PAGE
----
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Discussion Starter · #1 ·
Short little vid of a nice hive on my in-laws property. Old farmstead house. If they survived our harsh long winter they should have pretty good survivor genetics. So I plan on leaving them alone and just catching swarms.
I put up a used deep with 4drops of LGO zipped in a sandwich baggy, 2 old brood combs and the rest foundationless. Now all I need is the local beek to drop some pinched queens in my iso and I will have the so called irresistible lure. Funny thing as I was watching the activity I saw a mouse rip around the corner up the wall and in the same hole the bees are in. I don't know if it was its normal rout or I scared it into the hole. Maybe has a different rout in the wall. I doubt the bees would tolerate such visitors.
I tried some 1:1 sugar water with a drop of LGO no interest at all.
This old house is pretty remote. I go out there to target shoot and noticed them this spring.



My catcher. I hope I don't have it too close but the trees to the south east look a little too shady (cool). The hole entrence is far bottom right just above the cement foundation.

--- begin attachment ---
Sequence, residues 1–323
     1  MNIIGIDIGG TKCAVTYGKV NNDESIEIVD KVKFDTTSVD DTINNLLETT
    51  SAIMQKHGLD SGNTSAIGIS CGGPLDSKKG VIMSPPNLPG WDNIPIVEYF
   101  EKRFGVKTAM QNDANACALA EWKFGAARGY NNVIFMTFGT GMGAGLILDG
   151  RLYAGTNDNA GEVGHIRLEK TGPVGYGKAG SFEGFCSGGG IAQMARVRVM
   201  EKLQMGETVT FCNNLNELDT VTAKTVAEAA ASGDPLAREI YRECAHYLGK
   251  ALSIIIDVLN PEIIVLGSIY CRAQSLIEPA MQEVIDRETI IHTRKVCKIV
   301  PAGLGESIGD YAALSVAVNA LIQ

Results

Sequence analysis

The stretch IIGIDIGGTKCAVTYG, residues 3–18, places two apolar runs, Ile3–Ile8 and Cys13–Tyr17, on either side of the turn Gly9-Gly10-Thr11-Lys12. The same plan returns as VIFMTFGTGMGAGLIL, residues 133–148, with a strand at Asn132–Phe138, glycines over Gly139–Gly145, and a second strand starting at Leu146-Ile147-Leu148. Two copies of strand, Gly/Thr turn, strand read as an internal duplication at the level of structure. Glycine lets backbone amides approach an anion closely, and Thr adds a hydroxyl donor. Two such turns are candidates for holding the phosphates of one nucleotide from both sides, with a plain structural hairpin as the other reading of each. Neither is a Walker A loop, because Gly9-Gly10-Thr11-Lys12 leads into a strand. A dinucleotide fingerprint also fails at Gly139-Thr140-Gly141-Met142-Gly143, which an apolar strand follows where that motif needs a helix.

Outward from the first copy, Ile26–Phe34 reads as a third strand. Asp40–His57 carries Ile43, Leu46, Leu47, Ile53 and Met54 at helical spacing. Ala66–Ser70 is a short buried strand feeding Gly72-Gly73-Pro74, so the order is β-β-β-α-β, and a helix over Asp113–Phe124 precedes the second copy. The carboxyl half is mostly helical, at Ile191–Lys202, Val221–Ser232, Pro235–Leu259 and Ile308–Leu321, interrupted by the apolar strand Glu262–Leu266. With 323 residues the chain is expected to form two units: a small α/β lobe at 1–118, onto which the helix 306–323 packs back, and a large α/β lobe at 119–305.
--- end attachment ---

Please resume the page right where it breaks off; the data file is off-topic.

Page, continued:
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Why don't you put it inside the house if it is open anyway to the elements?
 

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Hello Buzz:
I am doing the same thing with an old grainery that has a hive at least 9 years old, I put 4 traps on the building and 3 more around the neighborhood. I've baited with bee scent and small pieces of old comb. I want the genetics so I'm investing more resources than normal. I would put a couple just inside the trees too because full sun can deter them if it overheats your traps. I built a trap like a wall stud space that holds 10 deep frames and it is getting some action. I put 1/2" rigid foam under corrugated sign board so it doesn't get too hot because it is in direct sun half the day. Good luck and happy trapping.
Colino
 

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Discussion Starter · #10 ·
txbeek I kindof looked around to think of a good spots a swarm would want to make home. I think inside the house would bee on the cool side. Since the hive is on the south east corner of the house they probly like the warming affect of the sun. Kind of oposite of what a TX. bee wold be looking for. Also there isnt much wind brake trees etc. protecting the area, the house is kindof it. Its actually starting to lean south from our nothern prevailing wind. I will probly put up a few more nuc traps just to give them some options.

Colino there are some good size trees just to the south of the house but Im thinking once the leavs come out it will be pretty shaded. I would put money on a swarm landing in those trees, but again it might be a little cool being shaded. I will throw up a nuc there though.
It might be just the right spot.
 
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